Strapwork design & carving

Strapwork pattern in progress

I have this great piece of red oak; quartersawn, 12″ x 24″, clear, pretty straight (thanks, Rick) – and after seeing the carved lid on the cedar box the other day, I decided to try a large panel of a strapwork design again. Usually when I undertake these patterns, I only have a partial idea of what it will be. Much of it I work out as I go.

The top and bottom edges are easy, they’re always those linked arches. I divided up the space, put a circle in the middle and struck all the arches with gouges and a chisel. Then I knew that this time I wanted these long, vertical leafy things. You can see in the photo below that I carved one all the way before continuing. That way, if it didn’t work – I could quit, or flip the board over. Or plane it all away. (all extreme choices that rarely get employed.)

initial pattern

But I liked it, so I went on from there. Here, I’m setting a marking gauge to strike lines that will connect the right and left sides of the panel at the middle.

striking layout w marking gauge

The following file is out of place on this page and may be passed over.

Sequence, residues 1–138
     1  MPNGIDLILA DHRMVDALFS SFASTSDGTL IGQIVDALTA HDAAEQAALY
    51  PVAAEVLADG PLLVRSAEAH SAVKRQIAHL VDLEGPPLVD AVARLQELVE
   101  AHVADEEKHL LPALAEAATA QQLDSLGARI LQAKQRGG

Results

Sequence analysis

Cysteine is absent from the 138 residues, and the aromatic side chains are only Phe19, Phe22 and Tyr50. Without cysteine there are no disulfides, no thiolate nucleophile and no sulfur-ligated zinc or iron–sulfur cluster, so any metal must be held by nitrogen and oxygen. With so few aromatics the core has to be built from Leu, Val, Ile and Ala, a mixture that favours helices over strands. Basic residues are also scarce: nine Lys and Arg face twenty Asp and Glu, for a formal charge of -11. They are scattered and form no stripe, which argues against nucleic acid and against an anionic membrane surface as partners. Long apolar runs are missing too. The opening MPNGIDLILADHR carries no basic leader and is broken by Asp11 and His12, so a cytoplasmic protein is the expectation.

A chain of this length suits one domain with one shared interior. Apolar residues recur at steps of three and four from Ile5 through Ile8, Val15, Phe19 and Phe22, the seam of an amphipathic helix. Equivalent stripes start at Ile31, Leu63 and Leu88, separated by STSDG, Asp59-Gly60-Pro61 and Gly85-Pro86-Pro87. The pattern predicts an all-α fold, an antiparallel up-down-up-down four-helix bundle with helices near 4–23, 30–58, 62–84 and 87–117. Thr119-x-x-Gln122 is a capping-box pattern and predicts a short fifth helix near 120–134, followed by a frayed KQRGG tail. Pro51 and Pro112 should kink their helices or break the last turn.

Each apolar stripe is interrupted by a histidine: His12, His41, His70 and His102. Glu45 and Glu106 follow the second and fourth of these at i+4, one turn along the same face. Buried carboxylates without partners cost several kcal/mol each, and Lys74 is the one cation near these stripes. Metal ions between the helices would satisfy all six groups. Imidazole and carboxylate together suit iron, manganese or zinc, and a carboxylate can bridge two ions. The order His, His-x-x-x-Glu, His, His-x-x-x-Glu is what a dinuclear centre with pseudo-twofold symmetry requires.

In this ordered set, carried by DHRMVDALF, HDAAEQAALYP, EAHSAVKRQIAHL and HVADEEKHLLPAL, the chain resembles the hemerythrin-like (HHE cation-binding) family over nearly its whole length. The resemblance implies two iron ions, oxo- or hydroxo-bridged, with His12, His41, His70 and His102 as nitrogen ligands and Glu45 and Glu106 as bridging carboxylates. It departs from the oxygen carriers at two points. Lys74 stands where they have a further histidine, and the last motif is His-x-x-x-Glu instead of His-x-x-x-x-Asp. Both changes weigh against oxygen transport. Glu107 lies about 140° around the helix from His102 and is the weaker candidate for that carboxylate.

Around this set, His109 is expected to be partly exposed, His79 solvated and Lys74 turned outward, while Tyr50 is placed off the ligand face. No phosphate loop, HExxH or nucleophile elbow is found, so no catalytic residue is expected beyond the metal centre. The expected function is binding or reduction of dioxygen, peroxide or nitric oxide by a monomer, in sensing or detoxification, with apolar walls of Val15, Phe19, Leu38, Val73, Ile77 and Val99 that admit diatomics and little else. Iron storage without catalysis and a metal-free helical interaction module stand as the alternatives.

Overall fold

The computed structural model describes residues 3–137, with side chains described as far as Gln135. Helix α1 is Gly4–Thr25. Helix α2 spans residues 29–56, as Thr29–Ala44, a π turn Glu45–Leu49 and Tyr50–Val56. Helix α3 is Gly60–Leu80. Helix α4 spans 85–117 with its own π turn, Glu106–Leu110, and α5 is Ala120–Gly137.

Below – using a 3/4″ wide gouge to strike circles in some empty spaces around the middle.

using a gouge to define elements

This time the area where those left & right halves come together get volutes carved as the ends of each section. I strike their outlines with 3 different gouges.

volutes

These patterns usually flow outward from the center – up & down, left & right. Here I’m using a compass to mark the height of one element from the horizontal centerline. Then I’ll swing it around to hit the bottom of the same form.

compass work

Most of the work is striking out the design. Removing the background is easy, there’s just a lot of it.

background removal

But you only have to solve one-quarter of it when doing the design part. Then it’s a matter of flipping it over in your mind to “see” the other 3/4. This is as far as I got yesterday afternoon, but the fire’s now lit, so time to finish this carving.

2 thoughts on “Strapwork design & carving

  1. Beautiful, Peter! Thank you for sharing your approach to working with a “blank slate”. Your work is always inspiring and I appreciate the time and effort you take to share your expertise with the rest of the woodworking fraternity. It is going to be a spectacular piece when you are finished.

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